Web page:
The most iconic structure in the town is the Palace Theater, a 550-seat theater constructed in 1915 that is still in operation today.
For an evening out, try the Verne Drive-in Theater. While you’ll pay more than 60 cents, the admission price when it first opened in the 1950s, $5 will get you a front-row seat to an old-fashioned experience.
If you’re looking for some fresh air don’t leave town without visiting some of the local trails. The 6-mile Blue Mound Trail offers panoramic views of the area for hikers and bikers alike.
Waconia is nestled in the center of Minnesota on Lake Waconia, its namesake. The lake is known for excellent fishing as well as boating, kayaking, and swimming at Lake Waconia Regional Park.
The small town also boasts several local farms, orchards, and farm markets for the foodie and gardener. And don’t forget to taste the wines and beers that are produced here. Waconia is known for its local wineries and distilleries that hold festivals and events to mark the brewing and bottling seasons.
Northfield is historically known for the infamous James-Younger gang bank robbery of 1876. During the robbery, the townspeople fought back against Jesse James and the other outlaws to protect the First National Bank, a building that still stands today.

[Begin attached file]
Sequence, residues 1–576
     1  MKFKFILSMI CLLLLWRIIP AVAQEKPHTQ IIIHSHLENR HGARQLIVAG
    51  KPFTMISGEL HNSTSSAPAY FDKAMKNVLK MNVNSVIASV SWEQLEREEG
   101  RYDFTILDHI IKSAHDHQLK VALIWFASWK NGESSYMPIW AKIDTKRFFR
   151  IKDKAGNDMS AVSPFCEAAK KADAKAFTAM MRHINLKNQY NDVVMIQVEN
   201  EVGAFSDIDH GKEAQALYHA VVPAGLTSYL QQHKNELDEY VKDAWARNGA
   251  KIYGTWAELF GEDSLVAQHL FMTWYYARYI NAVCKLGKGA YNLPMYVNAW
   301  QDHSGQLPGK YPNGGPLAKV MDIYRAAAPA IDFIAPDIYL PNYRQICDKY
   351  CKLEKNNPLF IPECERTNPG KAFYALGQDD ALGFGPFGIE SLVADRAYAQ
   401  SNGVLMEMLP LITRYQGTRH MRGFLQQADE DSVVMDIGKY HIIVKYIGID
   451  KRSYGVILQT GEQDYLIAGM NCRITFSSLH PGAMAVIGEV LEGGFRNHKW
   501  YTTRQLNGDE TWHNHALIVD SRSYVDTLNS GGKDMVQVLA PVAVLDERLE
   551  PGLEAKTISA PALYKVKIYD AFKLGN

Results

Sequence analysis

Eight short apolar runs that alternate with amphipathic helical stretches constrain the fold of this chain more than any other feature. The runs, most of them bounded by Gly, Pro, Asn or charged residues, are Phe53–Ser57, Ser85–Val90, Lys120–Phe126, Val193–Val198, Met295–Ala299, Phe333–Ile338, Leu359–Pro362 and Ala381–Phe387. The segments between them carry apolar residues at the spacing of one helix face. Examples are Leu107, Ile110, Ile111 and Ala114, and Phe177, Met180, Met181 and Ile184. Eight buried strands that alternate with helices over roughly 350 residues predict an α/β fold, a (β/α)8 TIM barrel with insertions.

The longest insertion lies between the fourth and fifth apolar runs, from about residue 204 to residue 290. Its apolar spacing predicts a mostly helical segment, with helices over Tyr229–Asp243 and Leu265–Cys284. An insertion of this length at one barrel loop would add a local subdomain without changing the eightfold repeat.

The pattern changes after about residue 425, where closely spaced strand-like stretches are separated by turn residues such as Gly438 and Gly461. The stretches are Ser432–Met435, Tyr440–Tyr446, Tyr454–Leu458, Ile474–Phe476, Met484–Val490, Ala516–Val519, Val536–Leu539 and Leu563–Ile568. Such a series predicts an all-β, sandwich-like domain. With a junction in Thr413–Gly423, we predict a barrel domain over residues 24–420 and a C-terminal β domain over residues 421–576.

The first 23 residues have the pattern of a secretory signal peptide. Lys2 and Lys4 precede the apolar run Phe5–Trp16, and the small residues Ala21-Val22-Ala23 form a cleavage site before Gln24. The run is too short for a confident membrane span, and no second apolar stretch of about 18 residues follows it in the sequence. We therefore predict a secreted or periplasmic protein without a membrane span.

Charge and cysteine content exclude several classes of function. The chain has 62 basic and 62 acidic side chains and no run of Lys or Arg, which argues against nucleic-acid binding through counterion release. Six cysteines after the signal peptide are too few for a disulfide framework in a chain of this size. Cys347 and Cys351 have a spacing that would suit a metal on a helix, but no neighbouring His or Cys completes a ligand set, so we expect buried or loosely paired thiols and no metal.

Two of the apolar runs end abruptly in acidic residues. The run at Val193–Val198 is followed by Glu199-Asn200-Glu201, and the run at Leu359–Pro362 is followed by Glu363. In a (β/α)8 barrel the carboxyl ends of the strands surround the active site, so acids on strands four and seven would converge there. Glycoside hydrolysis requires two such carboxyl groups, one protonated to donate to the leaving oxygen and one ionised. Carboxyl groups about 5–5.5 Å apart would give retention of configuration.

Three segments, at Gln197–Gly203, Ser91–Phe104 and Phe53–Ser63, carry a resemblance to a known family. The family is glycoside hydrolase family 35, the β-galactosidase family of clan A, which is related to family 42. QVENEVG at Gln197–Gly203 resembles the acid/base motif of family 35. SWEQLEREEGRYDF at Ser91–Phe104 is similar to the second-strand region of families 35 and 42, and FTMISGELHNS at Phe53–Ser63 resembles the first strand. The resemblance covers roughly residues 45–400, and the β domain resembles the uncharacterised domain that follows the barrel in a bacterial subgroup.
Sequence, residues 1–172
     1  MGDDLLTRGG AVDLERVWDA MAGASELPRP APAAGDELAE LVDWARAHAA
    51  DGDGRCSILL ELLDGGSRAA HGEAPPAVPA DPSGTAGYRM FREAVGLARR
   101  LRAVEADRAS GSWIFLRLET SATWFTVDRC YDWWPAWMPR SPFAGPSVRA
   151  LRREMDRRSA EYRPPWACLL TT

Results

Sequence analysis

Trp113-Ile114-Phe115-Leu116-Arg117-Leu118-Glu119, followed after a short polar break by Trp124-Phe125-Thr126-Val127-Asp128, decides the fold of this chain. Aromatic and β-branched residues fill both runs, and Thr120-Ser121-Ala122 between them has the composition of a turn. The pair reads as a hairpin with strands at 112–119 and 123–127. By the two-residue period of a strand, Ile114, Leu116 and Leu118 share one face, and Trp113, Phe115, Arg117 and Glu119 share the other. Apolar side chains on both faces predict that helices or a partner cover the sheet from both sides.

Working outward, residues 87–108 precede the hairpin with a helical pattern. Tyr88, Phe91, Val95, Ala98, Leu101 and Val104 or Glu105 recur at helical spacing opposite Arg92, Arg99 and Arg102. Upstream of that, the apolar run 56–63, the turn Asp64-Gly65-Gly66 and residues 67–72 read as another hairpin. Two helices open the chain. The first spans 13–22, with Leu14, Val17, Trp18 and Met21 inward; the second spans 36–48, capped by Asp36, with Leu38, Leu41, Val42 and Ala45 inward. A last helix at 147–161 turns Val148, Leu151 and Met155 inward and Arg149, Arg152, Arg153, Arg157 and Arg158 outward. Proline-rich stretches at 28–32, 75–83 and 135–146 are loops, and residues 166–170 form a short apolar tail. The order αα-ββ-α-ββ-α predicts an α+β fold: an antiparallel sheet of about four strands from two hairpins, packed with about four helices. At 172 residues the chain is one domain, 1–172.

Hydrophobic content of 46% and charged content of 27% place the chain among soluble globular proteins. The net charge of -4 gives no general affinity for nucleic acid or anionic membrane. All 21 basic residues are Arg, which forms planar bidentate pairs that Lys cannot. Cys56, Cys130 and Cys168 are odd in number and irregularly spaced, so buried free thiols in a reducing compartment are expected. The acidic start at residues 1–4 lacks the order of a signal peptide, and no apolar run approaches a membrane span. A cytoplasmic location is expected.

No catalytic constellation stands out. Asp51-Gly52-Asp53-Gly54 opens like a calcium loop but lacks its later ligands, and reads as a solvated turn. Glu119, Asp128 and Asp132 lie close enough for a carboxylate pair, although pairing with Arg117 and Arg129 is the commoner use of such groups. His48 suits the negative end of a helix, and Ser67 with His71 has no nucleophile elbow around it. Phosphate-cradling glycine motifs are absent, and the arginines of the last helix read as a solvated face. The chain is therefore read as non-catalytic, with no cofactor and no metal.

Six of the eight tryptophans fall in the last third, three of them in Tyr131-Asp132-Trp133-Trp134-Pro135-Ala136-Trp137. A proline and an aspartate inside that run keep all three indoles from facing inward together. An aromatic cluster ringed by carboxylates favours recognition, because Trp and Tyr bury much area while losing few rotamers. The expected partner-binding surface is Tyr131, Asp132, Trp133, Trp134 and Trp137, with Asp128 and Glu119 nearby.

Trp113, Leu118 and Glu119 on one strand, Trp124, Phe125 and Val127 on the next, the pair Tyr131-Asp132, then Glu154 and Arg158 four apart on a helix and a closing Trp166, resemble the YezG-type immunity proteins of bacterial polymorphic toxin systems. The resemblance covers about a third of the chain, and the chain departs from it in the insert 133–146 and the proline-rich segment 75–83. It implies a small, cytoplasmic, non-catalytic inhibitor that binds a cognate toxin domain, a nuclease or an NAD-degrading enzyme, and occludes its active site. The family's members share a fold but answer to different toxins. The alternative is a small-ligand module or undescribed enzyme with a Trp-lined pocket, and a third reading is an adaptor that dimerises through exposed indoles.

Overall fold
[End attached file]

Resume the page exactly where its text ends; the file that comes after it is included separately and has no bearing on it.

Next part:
The town offers a variety of outdoor activities, farm markets, breweries, wineries, distilleries, and gardens, as well as a number of preserved historic sites. And you can’t leave town without visiting the Red Barn Farm for their famous weekly pizza nights.
Just north of Minneapolis, the Mississippi river town of Anoka offers a number of summer activities and events like food truck festivals, craft fairs, and classic car shows.
But what it is best known for is Halloween. It is considered the first city in the nation to have a Halloween celebration and Anoka is labeled the Halloween capital of the world. With activities and events spanning 10 days and several parades, this is the city to visit with the whole family in October.
Settled in the mid-1800s, Lake City is situated on Lake Pepin and the Mississippi River not too far from the Twin Cities. Recreational activities abound in this small town with plenty of opportunities to view the gorgeous scenery.
Lake City is host to many hiking and biking trails where you can tour the lake and town or head into the woods for some solitude. It is also home to several picturesque greens for all golf enthusiasts. Fall is a beautiful time to visit when all of the leaves around the lake light up in a rainbow of colors.
Biwabik, the setting of the children’s book Honk, the Moose, is a small Bavarian town in Northwestern Minnesota.
It is best known for being the home of Giant’s Ridge Recreation Area, a 4 season vacation destination that offers activities like a spa, golf course, kayaking, and winter skiing and snow tubing. Biwabik is also a trailhead for the scenic 120-mile biking route, the Mesabi Trail.